Helping Your Teen Embrace the Art of Conscious Living
Updated: Aug 17
“At its simplest, conscious living is the art of feeling your feelings, speaking authentically, knowing your life purpose, and carrying out effective actions that contribute to your well-being and the well-being of others. The moment we commit ourselves to living consciously, we embark on a journey of wonder through the real world.” - Gay Hendricks, Conscious Living: Finding Joy in the Real World Conscious living is a lifelong practice, but teens have an edge in developing the skills to live in a more satisfying, self-aware way. During early adolescence the brain undergoes explosive growth in metacognition, or awareness of and ability to understand one’s own thought processes. Sometimes called “thinking about your thinking,” metacognition helps teens self-reflect, evaluate their own thoughts, feelings, and behavior, and make more thoughtful choices. The teen years are also when long-term habits develop. It's the perfect time for parents to provide teens with tools and techniques to grow into living consciously. 7 Strategies To Help Teens Embrace Conscious Living
Model metacognitive thinking Parents are their kids’ best role models when it comes to making conscious choices. The opposite of conscious living is going through life on autopilot, reacting instead of reflecting and responding to challenges. To boost your own self-awareness, cut down on mindless multitasking and find ways to practice mindfulness, even if it’s just a few moments of meditation each day. Let your kids observe you thinking through your own thoughts, feelings, and behaviors and taking action to change things that don’t serve you. When you put your own conscious-living practices in place, teens will take note.
Invite self-reflection When your teen talks to you about decisions or challenges, they’re facing, be genuinely curious. Avoid the temptation to leap to conclusions or give them advice. Ask open-ended questions and encourage them to explore their own thoughts and actions out loud. Thoughtful questions (instead of suggestions) help teens develop their metacognitive superpowers. Try asking “What do you think would happen if you tried ___?” or “What do you think your teacher meant by ___?”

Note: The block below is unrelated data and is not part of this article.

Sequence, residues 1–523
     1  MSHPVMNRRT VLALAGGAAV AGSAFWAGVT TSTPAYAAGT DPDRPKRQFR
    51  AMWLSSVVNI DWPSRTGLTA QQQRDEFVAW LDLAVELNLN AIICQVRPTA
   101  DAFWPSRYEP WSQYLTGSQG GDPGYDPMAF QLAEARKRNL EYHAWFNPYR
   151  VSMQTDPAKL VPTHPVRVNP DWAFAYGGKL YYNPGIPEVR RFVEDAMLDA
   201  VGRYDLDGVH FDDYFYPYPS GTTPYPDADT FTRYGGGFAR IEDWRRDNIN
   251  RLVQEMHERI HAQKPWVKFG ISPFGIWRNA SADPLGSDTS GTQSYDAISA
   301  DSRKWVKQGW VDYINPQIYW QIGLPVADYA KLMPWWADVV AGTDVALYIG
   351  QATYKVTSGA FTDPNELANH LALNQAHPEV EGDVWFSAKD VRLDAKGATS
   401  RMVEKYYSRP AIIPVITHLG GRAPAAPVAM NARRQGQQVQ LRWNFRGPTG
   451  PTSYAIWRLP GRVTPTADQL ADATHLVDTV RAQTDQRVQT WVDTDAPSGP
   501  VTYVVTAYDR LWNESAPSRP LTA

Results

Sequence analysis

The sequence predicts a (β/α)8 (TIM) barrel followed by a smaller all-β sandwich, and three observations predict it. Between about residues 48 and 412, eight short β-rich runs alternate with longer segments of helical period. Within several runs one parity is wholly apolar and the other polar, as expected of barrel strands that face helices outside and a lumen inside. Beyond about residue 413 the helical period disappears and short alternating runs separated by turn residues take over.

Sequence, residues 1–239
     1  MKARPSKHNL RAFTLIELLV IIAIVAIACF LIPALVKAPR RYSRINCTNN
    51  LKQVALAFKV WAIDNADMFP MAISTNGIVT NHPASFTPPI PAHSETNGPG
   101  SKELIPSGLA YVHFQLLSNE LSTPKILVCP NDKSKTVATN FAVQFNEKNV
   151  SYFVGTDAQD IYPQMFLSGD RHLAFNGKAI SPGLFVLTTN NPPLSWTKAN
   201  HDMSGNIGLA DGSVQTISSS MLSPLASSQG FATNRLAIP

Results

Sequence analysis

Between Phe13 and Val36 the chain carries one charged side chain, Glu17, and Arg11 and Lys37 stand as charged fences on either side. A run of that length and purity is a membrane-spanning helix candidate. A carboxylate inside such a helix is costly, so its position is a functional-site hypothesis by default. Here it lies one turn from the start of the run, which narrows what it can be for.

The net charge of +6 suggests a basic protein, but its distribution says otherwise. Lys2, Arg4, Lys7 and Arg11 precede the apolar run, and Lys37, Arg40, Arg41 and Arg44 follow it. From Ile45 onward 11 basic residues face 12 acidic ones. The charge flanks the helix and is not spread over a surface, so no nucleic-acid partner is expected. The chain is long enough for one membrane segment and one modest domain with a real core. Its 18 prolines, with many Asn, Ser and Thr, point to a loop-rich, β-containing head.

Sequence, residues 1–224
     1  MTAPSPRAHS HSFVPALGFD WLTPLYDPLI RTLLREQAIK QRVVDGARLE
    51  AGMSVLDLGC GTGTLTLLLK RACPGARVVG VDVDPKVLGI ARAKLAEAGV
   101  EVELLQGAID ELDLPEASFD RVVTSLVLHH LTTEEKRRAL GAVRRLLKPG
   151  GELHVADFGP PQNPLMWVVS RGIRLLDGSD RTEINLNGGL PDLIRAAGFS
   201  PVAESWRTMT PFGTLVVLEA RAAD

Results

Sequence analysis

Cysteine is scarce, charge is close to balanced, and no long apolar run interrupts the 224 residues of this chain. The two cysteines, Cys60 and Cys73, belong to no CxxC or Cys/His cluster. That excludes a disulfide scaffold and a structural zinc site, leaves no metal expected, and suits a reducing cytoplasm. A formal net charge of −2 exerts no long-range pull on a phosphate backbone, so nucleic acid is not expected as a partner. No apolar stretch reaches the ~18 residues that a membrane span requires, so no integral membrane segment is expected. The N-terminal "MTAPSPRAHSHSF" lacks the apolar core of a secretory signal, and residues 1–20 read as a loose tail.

Identify unhelpful habits Most of us, including teens, have a few unconscious habits that keep us from focusing on the things that are most important in life. Letting go of unhelpful habits is empowering for teens, but they have to be intrinsically motivated to do so. Parents can help by noticing when de-energizing habits (like staying up too late) are impacting activities that are important to teens (like getting to practice on time). Help teens see that they’re making a choice between values, and they’re ultimately the ones who decide where to put their energy.
Prioritize inner awareness For all of us, worrying too much about what other people think can get in the way of conscious living. Teens tend to be especially susceptible to worrying about the opinions of others and may ignore their own inner awareness if they think others will judge or exclude them. Living consciously means being brave, trusting our intuition, and making decisions based on our personal values. Parents can help steer kids back towards trusting themselves and letting go of the fear of being different.
Remind teens what they are in charge of A big part of conscious living is taking responsibility for the things we can control and letting go of the things we can’t. A powerful reminder: we are in charge of our own words, values, choices, mistakes, efforts, and behavior. We can’t control the words, values, choices, mistakes, efforts, or behavior of others. When teens are dealing with difficulty, help them find a response from the things they can control, instead of feeling frustrated by the things they can’t.
Encourage emotional intelligence Teens often experience surges of new, intense emotions. When they aren’t sure how to process these feelings, they can get overwhelmed, feel anxious, and either zone out or act out. Conscious living means accepting all emotions as valid and listening to and learning from them. Parents can help by normalizing talking about feelings and giving kids tools to process intense emotions, like mindful breathing, journaling, or talking things through with a mentor.
Spotlight how choices lead to change At its heart, conscious living is all about making choices - choices about what we value, where we put our time and attention, and how we want to live. Living consciously helps teens take empowered action towards ever-greater alignment with their values, vision, and goals. Parents can remind teens that whatever the circumstances, they can always choose how to respond, and any situation can be changed through reflection and action. Even through seemingly small acts, teens can craft the life they want to live, one conscious choice at a time.
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